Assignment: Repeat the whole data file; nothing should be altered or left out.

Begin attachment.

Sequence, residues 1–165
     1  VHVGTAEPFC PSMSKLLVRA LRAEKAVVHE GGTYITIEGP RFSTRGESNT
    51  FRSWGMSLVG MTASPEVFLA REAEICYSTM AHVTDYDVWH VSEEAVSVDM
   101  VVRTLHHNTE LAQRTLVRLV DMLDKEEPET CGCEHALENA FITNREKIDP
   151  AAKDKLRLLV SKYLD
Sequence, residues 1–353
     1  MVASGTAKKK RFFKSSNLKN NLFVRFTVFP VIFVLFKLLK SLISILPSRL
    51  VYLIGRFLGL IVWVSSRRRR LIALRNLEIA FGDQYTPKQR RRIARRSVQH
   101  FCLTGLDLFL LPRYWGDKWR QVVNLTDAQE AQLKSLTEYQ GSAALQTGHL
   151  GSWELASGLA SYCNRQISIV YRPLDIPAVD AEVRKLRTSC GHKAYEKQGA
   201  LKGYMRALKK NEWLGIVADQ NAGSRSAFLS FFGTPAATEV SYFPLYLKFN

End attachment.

Sequence, residues 1–165
     1  VHVGTAEPFC PSMSKLLVRA LRAEKAVVHE GGTYITIEGP RFSTRGESNT
    51  FRSWGMSLVG MTASPEVFLA REAEICYSTM AHVTDYDVWH VSEEAVSVDM
   101  VVRTLHHNTE LAQRTLVRLV DMLDKEEPET CGCEHALENA FITNREKIDP
   151  AAKDKLRLLV SKYLD
Sequence, residues 1–353
     1  MVASGTAKKK RFFKSSNLKN NLFVRFTVFP VIFVLFKLLK SLISILPSRL
    51  VYLIGRFLGL IVWVSSRRRR LIALRNLEIA FGDQYTPKQR RRIARRSVQH
   101  FCLTGLDLFL LPRYWGDKWR QVVNLTDAQE AQLKSLTEYQ GSAALQTGHL
   151  GSWELASGLA SYCNRQISIV YRPLDIPAVD AEVRKLRTSC GHKAYEKQGA
   201  LKGYMRALKK NEWLGIVADQ NAGSRSAFLS FFGTPAATEV SYFPLYLKFN